Build quality

The build quality of the SN600SC is on par with the Canon equivalent. Without looking closely at a few small features, it would be easy to mistake it for the 600EX-RT, and the only noticeable differences are that the buttons are firmer (including the head tilt release button) and the screen display is altered slightly.

The button interface on the Shanny is identical to that found on the Canon, so it’s easy to use both during a fast-paced shoot, with no confusion at all.

A small notch on top of the flash head allows for a clip-on diffuser to be fitted – identical to that supplied with the Canon version. This diffuser allows for easy attachment and detachment, compared to other Sto-Fen style diffusers, as well as for the addition of plastic gel colour correction filters, such as the Rosco Strobist Collection, if required.

It’s good to see that Shanny have also adopted the rubber sealed sliding locking pin design instead of a thumb wheel on the hot shoe foot, to make it easier and quicker to attach the flash to a camera or stand. For me, a thumb wheel and a plastic mount was a big drawback with some third-party flashguns, so it’s good to see that finally, cutting down on price doesn’t mean cutting down on quality.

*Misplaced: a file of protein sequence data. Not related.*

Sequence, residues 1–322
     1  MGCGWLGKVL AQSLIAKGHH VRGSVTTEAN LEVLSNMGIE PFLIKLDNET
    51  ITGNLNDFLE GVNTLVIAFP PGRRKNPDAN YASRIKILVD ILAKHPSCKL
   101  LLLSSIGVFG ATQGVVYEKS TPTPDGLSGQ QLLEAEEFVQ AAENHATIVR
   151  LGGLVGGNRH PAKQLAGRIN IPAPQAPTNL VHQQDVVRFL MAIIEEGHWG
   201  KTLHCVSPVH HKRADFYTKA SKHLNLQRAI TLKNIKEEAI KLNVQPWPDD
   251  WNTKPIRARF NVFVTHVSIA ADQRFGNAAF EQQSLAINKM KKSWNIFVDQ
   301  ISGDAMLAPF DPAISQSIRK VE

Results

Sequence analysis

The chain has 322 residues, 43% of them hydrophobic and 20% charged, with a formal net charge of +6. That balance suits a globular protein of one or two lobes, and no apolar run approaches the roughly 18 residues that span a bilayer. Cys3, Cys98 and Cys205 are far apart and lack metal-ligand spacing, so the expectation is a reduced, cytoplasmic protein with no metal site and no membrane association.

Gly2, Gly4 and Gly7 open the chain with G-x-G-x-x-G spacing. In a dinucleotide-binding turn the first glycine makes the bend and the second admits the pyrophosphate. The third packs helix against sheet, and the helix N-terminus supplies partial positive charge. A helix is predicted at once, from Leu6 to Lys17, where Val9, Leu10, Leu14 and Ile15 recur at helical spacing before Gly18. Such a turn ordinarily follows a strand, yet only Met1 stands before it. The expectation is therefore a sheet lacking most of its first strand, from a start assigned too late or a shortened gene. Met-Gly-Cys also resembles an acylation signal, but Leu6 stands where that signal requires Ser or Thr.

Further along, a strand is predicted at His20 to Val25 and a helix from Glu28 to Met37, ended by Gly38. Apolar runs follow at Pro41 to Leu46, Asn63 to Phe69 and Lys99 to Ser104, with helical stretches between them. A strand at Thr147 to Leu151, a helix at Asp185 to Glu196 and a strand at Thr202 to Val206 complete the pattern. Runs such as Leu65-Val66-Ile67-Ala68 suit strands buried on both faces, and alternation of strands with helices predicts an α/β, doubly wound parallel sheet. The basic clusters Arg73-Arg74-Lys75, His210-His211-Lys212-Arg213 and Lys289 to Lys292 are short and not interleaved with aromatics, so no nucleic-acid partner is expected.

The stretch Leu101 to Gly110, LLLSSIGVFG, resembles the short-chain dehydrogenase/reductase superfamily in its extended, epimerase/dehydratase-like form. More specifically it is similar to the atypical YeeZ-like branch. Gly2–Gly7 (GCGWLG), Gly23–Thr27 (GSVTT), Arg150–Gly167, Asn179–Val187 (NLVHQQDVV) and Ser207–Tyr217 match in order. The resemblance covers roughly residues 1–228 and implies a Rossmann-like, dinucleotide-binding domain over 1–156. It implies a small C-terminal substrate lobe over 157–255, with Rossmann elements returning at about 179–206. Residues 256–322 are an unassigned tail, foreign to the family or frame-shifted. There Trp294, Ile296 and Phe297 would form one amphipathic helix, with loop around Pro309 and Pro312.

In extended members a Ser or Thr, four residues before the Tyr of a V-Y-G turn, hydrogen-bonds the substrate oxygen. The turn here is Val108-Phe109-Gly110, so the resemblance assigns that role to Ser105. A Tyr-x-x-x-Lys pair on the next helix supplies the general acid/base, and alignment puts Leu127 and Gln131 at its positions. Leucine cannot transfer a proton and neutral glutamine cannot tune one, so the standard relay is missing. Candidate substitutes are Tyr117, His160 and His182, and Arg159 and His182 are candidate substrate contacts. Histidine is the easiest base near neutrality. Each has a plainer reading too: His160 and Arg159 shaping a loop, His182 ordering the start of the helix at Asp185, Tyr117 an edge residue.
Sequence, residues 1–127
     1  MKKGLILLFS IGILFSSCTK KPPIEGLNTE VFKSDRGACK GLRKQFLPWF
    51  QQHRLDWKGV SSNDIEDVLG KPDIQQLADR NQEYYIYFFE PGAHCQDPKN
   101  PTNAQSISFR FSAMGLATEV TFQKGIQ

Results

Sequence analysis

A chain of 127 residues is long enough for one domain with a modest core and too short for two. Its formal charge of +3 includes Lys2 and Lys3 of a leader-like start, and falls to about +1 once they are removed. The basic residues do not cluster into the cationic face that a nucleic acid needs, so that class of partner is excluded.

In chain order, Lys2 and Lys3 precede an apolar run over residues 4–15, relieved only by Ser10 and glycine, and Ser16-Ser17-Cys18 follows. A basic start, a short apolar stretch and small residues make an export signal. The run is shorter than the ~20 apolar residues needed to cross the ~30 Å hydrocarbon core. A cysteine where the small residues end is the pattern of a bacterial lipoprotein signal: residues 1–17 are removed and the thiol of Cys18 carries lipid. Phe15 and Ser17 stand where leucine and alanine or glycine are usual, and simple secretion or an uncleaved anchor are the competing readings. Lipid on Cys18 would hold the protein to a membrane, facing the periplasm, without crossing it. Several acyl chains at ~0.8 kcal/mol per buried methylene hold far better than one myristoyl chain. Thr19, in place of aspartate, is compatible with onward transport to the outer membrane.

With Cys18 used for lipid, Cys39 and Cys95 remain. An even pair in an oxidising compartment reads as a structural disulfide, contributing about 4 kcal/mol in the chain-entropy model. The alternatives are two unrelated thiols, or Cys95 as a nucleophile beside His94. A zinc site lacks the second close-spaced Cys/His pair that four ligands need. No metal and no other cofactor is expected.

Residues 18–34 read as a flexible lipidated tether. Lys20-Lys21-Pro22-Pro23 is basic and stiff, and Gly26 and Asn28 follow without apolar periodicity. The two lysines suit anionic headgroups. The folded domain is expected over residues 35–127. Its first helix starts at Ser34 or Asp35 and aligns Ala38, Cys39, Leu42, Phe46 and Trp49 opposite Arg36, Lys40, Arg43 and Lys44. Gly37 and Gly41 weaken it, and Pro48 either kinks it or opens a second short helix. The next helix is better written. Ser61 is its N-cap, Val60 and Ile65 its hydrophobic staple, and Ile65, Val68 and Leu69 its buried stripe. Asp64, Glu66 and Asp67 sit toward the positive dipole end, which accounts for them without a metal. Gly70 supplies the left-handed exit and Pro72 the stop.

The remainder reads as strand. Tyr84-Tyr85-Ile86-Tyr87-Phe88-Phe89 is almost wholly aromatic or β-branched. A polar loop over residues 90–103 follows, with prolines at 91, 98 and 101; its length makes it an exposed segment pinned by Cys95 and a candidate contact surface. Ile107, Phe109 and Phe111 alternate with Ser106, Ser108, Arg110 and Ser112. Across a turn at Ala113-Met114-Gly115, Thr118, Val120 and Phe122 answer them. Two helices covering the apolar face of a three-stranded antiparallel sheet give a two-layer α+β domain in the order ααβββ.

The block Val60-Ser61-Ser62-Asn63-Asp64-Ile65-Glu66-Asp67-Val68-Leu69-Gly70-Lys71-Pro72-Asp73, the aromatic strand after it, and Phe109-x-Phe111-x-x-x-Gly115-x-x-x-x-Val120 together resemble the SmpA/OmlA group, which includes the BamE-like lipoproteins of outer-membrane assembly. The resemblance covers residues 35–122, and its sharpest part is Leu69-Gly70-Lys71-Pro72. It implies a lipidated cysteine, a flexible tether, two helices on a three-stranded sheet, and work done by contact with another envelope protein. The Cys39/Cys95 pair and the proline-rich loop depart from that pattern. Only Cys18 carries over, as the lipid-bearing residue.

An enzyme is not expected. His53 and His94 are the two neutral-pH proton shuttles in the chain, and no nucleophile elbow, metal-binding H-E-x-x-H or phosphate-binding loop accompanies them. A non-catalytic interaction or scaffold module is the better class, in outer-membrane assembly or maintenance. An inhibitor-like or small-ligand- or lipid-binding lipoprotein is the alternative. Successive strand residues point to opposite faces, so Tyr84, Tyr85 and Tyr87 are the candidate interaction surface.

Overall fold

As with any new product that is introduced into the market, there is room for improvement. Although I’m pretty impressed by the Shanny in general, I do still have a few niggles.

One noticeable difference between the Canon and the Shanny is the difference in resolution of their dot matrix LCD screens. I’ve found that when using the Shanny in M or Multi mode as a master for groups A, B and C, the light output of group C can only be viewed if you scroll down the menu using the selecting wheel.

LCD screen displaying only groups A and B (group C off the menu)
LCD screen displaying only groups A and B (group C off the menu)